Fat and Sassy

my views on being larger than life.

Fat Tax study gone wrong March 4, 2010

Filed under: Uncategorized — erylin @ 6:48 pm

Tax junk food:  that’ll help.

A recent study involving 42 mothers were given 22$ to feed a family of 4 for a week.   

In the simulated supermarket, the women had the choice of 30 healthy and 30 junk food items, four healthy beverages — two types of juice, skim milk and water — and four sugary drinks, all represented in images.  The women went shopping five times. The first time, the prices of all the food and drink items were on par with those in a local supermarket.  Twice, the prices of healthier foods — those that deliver more nutrients for fewer calories — were lowered, and on the remaining two shopping trips, the prices of the unhealthy food and drink items were raised.  The researchers found that hiking the price of junk food, as would happen with a so-called “sin tax,” was more effective at getting the women to buy a week’s shopping that was lower in overall calories than was cutting the price of the healthy food items.

I have so many issues with this study its crazy…first off…..42  people is hardly a good enough sample to even call this an experiment, and, at least at MY university would be thrown out for too small a sample size, but apparently it was good enough for the University of Buffalo (hardly a top research facility) psych dept.   Secondly, unless i am eating ramen and mac and cheese 4 nights a week, I don’t know ANYONE that can feed a family of 4 for 22$.   Cant be done.    Of COURSE if they give you 22 dollars for a week and they lower the prices on “healthy stuff”  you get the “bad” food with more calories….so your family of four can freaking LIVE.  

Personally, I am all for taxing soda and “junk”  food….i don’t think junk food is healthy…tax away, especially if it lowers the price of stuff like grapes.   and bananas.  BUT HEALTHY FOOD  HAS NOTHING TO DO WITH OBESITY.   Besides, I just dont like badly done studies.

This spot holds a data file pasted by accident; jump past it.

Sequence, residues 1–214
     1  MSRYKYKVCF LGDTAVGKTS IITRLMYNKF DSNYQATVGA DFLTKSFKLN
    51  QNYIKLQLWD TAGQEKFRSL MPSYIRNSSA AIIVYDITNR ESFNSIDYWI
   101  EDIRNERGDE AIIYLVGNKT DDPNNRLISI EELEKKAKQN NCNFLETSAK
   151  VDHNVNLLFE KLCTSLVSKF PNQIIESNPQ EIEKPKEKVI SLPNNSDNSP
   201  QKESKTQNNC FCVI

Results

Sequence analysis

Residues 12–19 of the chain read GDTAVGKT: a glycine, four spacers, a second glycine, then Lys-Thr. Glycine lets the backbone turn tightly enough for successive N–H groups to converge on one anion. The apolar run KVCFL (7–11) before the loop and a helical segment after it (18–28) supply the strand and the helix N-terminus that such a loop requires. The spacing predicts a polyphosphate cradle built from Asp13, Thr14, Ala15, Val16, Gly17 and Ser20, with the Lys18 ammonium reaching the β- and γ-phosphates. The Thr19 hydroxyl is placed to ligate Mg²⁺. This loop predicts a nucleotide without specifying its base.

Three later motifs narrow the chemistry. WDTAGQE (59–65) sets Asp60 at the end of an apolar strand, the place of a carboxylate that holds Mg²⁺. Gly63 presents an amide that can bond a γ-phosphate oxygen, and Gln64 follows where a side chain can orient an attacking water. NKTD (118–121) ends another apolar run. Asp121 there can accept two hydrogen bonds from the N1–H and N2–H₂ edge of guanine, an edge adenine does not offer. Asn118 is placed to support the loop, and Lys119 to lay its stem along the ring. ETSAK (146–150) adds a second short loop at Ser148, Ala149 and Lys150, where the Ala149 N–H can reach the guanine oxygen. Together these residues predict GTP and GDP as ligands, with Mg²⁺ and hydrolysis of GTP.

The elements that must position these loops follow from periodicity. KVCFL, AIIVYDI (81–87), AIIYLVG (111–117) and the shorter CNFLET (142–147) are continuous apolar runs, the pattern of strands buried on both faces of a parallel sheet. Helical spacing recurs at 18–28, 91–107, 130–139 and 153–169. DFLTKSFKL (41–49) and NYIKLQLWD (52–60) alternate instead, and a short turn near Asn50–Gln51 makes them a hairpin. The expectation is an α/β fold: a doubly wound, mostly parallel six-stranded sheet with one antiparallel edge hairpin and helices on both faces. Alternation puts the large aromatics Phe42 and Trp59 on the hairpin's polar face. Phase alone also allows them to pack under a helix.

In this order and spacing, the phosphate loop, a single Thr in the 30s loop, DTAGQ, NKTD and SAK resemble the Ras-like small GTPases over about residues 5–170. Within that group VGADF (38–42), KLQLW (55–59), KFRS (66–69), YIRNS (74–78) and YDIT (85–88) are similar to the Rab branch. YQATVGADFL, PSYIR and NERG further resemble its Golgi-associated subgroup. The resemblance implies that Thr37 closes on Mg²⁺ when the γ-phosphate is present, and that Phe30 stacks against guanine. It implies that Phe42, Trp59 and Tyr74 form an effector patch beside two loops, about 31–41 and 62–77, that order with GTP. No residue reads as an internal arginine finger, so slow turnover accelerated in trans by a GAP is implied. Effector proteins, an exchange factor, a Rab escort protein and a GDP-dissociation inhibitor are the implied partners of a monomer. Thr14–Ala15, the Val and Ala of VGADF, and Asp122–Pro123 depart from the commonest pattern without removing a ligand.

http://news.yahoo.com/s/afp/20100224/hl_afp/ushealthobesitytax_20100224235359

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4 Responses to “Fat Tax study gone wrong”

  1. Anonymous Says:

    Definitely not the most rigorous study. But, from the original paper, “Prior to each task, the participant was given a study income of $22.50 per family member to purchase the foods.” Still pretty tight in my opinion, but probably doable. Journalists should really read the studies they write about though…

    • Lori Says:

      I don’t know. I have a family of three, and $67.50 would not be enough to feed us everything we needed for an entire week, unless I radically changed what we eat. I make a lot of food from scratch and we don’t eat much meat, and we still tend to come in around $85-100/week for food, even when I do all of the grocery shopping at Aldi.

      I can say that, if I only had $67.50 to feed my family for the week, I would NOT be loading up on produce. At that point, you’d have to start thinking about how you are going to get sufficient calories into your family, and fruits and veggies wouldn’t be the way to do it.

  2. wriggles Says:

    Personally, I am all for taxing soda and “junk” food….i don’t think junk food is healthy…tax away,

    I’m neither for taxing or calling perfectly edible food junk. There is food that is highly processed and doesn’t taste good has a funny texture, usually that of mush.

    That however that doesn’t mean that it will kill you. Thing is who’s to decide? There are very few foods that have a higher fat content than pate de fois gras, that’s a delicacy though. They can tax that.

  3. jamirgrs Says:

    I agree that the study was absurd! You can barely feed a family of four for one meal on $22! I’m on the fence about the fat tax. It would be easier to know where to stand if they knew how to implement the tax. Are they going to tax foods high in fat? Is this total amount of fat or just for saturated fats? Are thy going to tax sugar? All sugars or just processed? What about artificial sugars? Same question with salt. Or do they really go for the kicker and tax overweight and/or obese individuals? There are just too many questions for me just to say go ahead and tax unhealthy foods. Honestly, I don’t think a tax will help in the long run anyway. Just try to keep a PMS driven woman from getting a chocolate fix. People are going to eat what they want regardless of the price. If the food industry made healthier foods more affordable, I believe most people would make healthier decisions.


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